Planning on visiting New Zealand once we’re finally able to travel again? This list should give you some great ideas to help you create your dream itinerary. New Zealand’s main attractions are its remoteness and diverse natural beauty, and the ten places below were chosen to reflect this – from glittering beaches to snowy mountain peaks!
The subtropical region of Northland is where you can find idyllic sandy beaches, quaint historic sites, and a laid back atmosphere. You may even find yourself swimming with dolphins! Some of my favourite places in Northland are the historic village of Russell in the Bay of Islands, Matai Bay on the Karikari Peninsula, and magical Mangawhai.
Auckland’s West Coast
The west coast of the Auckland region is home to lively black sand beaches, native rainforest, an incredible gannet colony, and much more natural beauty. Beaches you can visit include Muriwai, Bethells, Anawhata, Piha, and Karekare. There are numerous hiking trails through the Waitakere Ranges where you can find stunning waterfalls, walk under native Kauri trees and Nikau palms, and listen for the distinctive call of the Tui birds.
The Coromandel Peninsula
Incredible scenes are around every corner on the Coromandel. A two hour drive from Auckland takes you to Hot Water Beach, where you can dig your own hot tub in the sand and watch the thermal mineral water fill it from below. A short drive north will lead you to the renowned Cathedral Cove (pictured), part of Te Whanganui-A-Hei Marine Reserve – a protected area of stunning bays, beaches, and rock formations. Great beaches are around every corner on the peninsula, so if you’re in New Zealand in summer you simply must visit.
Located in the centre of the North Island, Rotorua is both a cultural and geothermal hot spot. With historic Maori villages, dormant volcanoes, geysers, mud pools, and lakes aplenty, Rotorua is definitely somewhere you shouldn’t miss if you’re touring New Zealand. A visit to Te Puia will allow you to experience Maori culture, witness a geyser erupt, and see a nocturnal Kiwi bird – all in one place. For more geothermal wonders head to Wai-O-Tapu Thermal Wonderland, or save money and see the mud pools and thermal waters of Kuirau Park for free.
Tongariro National Park
One of several locations used in the Lord of the Rings films, Tongariro National Park is situated around three active volcanoes. In summer, you can hike the Tongariro Crossing – largely known as one of the best one-day hikes in the world! Snow covers the area from about June to November, when keen skiers and snowboarders hit the slopes of Mount Ruapehu.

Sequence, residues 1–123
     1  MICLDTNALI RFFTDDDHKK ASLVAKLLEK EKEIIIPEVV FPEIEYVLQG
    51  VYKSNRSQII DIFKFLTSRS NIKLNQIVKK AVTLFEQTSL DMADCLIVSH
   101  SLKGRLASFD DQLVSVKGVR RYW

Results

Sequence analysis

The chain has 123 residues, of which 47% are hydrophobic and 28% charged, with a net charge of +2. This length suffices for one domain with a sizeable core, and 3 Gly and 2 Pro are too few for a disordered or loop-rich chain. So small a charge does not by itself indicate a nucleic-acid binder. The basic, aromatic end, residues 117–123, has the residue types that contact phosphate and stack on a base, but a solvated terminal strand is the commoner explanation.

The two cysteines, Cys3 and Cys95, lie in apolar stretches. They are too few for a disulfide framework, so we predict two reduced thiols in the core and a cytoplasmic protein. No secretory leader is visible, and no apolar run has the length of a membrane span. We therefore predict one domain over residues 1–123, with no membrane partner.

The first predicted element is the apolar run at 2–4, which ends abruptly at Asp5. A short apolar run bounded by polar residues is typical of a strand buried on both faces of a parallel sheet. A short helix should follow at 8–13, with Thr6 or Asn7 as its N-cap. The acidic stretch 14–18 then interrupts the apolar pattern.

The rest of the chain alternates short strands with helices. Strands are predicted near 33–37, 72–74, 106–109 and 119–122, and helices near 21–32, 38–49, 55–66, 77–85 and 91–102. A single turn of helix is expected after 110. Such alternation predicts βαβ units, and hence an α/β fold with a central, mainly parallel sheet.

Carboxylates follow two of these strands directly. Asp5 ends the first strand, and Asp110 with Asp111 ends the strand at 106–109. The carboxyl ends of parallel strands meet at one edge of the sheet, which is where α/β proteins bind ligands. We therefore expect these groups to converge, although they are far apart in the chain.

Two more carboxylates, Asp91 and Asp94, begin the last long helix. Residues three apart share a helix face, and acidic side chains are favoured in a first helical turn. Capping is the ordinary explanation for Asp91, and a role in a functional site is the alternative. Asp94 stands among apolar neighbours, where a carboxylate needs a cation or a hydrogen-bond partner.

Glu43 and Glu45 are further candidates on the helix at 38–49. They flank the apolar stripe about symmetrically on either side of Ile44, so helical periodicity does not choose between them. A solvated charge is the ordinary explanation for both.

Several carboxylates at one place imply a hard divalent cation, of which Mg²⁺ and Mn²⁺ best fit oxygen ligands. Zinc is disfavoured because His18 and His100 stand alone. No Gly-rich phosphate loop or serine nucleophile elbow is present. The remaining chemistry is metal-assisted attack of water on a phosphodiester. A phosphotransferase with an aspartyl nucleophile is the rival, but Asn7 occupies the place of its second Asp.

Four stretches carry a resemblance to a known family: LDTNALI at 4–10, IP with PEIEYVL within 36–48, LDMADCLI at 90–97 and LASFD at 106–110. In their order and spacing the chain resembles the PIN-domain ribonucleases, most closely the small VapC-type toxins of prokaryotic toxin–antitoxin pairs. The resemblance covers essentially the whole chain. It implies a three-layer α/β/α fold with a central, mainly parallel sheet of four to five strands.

Abel Tasman National Park
Beautiful coastal scenery, little blue penguins, bottlenose dolphins, fur seals, and more – Abel Tasman National Park is known for the Coast Track, one of New Zealand’s Great Walks. Here you can spend several days hiking the whole track, staying in campgrounds or huts en route, or just do part of the track and book a water taxi to pick you up at the end of the day. The track is mostly flat and the easiest among all of the Great Walks, one to add to the bucket list!
Aoraki / Mount Cook National Park
Of course I have to mention one of my absolute favourite places in my home country… Mount Cook! Here there are hiking options for everyone, from the most keen hikers/mountaineers to casual walkers. If you’re lucky you’ll spot a cheeky Kea (pictured above) – the world’s only alpine parrot. The most popular hike in the area is the Hooker Valley Track, an easy trail comprised of board walks, gravel track, and swing bridges. Here you will find amazing views of the mountain range, a glacier lake, and more stunning alpine landscape.
Queenstown Lakes District
Home to Lake Wakatipu, Lake Wanaka, and Lake Hawea, the Queenstown Lakes District is definitely one of New Zealand’s tourism drawcards. This region is beautiful in autumn, where all the yellow and orange foliage is in full display. Queenstown is perfect for adrenaline junkies, with paragliding, white water rafting, and more on offer. Wanaka is a bit more laid back – walk along the lakeside and see the famous Wanaka Tree. Between the two you’ll find the stunning, mirror-like Lake Hawea, and the old gold mining settlement of Arrowtown. Both are definitely worth a stop!
The Otago Peninsula
Sir David Attenborough has been quoted saying that the Otago Peninsula is “the finest example of eco-tourism in the world”. If that isn’t enough reason to want to visit, perhaps the penguins, giant albatrosses, sealions, and fur seals will entice you? The wildlife capital of New Zealand is home to conservation centres where you can see some of these at risk species while knowing your money goes to a good cause. Another highlight is Larnach Castle, one of the only historic houses of its scale in the country.
Fancy a cruise around a breathtaking fiord where you can see waterfalls, fur seal colonies, and bottlenose dolphins? Milford Sound is a tourism hot spot for a reason, and I’d definitely recommend booking a day trip from Queenstown if you’re travelling around the South Island. Fiordland National Park gets about 200 days of rain each year, but the good thing is that Milford Sound is incredible in either rain or shine. In fact, a rainy day can be a bit of a bonus – with hundreds of tiny waterfalls sprouting from the top of the surrounding cliffs.
Note: The main image is of the Champagne Pool at Wai-O-Tapu Thermal Wonderland, Rotorua. Some images in this post are from Unsplash.